The first step to Truth Speaking is opening our hearts. Sometimes we resist this because we think it means that anything and anyone can come in and do us harm. There’s a difference between an open heart, which can feel, process, and stay steady, versus a stuck-open-window heart, which lets all sorts of crap in. 

The Warrior’s Heart

I encourage you to develop a Warrior’s Heart—an open heart that is responsive and reflexive, meaning that when something comes in and touches it, the heart responds and bounces right back. Most people’s hearts, however, are flabby—atrophied and weak. Something comes in—love, hate—and the flabby heart energetically folds around it and encapsulates it. When we curl around the pain, that’s when it embeds. A heart has to be healthy to feel, respond, and flex. Empaths—people who feel other people’s feelings—especially need to be able to feel the world without letting its woes root deep within them.

A really big part of the Brave-Hearted Path is being able to respond from a Warrior’s Heart while using the discernment of the heart, brain, gut, and every other power and intelligence center of the body. We’re mostly taught to respond from our intellect, which is a very small part of our faculties, so we end up making decisions that aren’t fully informed, which are usually mistakes. It’s like taking action after collecting the votes of only two people on a council of eight; you’re only using part of your resources, which isn’t wise.

What is Truth Speaking?

Truth Speaking means speaking from the heart with honesty and compassion. When I say from the heart, I don’t mean to gush—as in, “I love you, man!” I believe the heart has a number of attitudes; it has its own wisdom and compassion, and it will guide you in Truth Speaking. Compassion is a funny word; we think of it as being kind to someone else. I don’t agree. As I see it, compassion needs to encompass ourselves, the person we’re dealing with, and the situation. It means looking at and feeling for a resolution that feels most correct by the standards of the heart, mind, and gut. In learning a truth about myself, I found that I could be completely honest but without compassion for the other person and the situation. Words were used as weapons and shields. I needed to develop some generosity of heart to cultivate compassion.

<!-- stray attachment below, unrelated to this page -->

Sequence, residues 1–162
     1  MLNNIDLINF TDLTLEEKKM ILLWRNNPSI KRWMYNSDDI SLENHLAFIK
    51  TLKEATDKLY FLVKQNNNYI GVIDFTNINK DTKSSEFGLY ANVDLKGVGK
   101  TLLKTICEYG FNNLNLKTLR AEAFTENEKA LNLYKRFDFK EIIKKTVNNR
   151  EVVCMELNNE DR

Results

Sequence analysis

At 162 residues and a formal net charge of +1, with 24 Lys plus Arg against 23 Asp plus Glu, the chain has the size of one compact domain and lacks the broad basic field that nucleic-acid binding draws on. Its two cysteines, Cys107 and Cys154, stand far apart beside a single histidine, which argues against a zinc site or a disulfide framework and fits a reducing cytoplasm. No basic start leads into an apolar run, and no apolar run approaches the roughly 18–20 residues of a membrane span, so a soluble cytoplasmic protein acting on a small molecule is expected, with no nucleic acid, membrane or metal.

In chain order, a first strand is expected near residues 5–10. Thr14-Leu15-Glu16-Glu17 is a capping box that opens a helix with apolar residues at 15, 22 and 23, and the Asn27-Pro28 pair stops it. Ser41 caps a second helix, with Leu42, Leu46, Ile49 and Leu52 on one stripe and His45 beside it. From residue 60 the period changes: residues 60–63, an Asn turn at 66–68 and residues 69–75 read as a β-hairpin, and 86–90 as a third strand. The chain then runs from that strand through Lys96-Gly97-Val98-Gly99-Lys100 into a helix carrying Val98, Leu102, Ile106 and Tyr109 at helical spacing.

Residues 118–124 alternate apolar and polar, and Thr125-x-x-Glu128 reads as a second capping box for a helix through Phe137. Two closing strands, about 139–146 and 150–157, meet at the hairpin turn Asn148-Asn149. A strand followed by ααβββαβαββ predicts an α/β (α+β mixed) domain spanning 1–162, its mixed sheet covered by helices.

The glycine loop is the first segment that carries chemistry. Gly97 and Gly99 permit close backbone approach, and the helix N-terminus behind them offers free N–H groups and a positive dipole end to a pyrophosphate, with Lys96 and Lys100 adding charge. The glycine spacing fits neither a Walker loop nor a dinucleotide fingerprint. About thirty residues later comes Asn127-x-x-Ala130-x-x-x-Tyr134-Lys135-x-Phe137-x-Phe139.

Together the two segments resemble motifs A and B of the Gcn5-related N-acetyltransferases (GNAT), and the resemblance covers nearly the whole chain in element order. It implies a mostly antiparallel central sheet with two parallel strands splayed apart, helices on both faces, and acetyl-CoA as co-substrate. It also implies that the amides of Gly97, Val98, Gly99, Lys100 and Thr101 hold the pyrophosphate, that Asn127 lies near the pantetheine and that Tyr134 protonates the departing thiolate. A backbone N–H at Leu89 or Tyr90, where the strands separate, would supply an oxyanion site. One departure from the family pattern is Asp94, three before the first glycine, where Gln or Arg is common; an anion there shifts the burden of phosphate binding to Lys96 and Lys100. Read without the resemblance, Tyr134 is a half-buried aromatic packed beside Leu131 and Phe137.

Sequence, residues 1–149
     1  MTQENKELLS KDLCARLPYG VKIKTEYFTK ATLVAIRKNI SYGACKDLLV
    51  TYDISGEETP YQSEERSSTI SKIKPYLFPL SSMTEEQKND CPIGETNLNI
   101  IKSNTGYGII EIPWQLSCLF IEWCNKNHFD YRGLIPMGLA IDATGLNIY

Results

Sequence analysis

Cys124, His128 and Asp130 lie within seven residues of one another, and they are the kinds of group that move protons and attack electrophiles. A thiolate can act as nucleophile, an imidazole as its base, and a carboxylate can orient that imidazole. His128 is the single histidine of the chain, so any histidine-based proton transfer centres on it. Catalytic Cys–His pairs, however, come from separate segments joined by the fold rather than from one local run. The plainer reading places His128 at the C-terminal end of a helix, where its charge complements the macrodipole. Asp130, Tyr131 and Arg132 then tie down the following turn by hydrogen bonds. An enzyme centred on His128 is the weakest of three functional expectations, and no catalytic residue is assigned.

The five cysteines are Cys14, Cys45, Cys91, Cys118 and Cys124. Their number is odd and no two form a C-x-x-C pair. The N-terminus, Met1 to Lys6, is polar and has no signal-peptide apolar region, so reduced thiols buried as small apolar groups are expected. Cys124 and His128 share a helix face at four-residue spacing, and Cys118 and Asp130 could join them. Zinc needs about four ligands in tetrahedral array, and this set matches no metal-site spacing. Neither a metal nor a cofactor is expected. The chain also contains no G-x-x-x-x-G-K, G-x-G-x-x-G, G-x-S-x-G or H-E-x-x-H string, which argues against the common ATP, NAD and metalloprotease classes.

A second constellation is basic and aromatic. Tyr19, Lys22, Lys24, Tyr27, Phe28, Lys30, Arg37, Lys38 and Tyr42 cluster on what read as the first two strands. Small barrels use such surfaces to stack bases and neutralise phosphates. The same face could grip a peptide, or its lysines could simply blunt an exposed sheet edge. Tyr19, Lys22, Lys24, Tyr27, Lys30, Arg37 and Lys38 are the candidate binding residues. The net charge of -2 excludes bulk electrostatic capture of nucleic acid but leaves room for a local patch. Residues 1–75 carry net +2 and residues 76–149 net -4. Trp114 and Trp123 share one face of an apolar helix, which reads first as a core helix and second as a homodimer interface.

Truth Speaking also means fighting for what’s right. I’m not talking about fighting with hands or guns; I’m talking about taking a stance in your truth as best you know it and speaking from that place of integrity.

When you act with a Warrior’s Heart, you understand that it’s not about being right versus being wrong. Being right isn’t necessarily a win. Nor is simply giving in to the other person—Okay, fine, you’re right. Let’s do it your way. That breeds resentment and imbalance. As a friend described it, acting with a Warrior’s Heart means “having to think with your heart and feel with your brain.”

This article is excerpted from Fierce Medicine: Breakthrough Practices to Heal the Body and Ignite the Spirit by Ana T. Forrest, and is republished with permission from the author.

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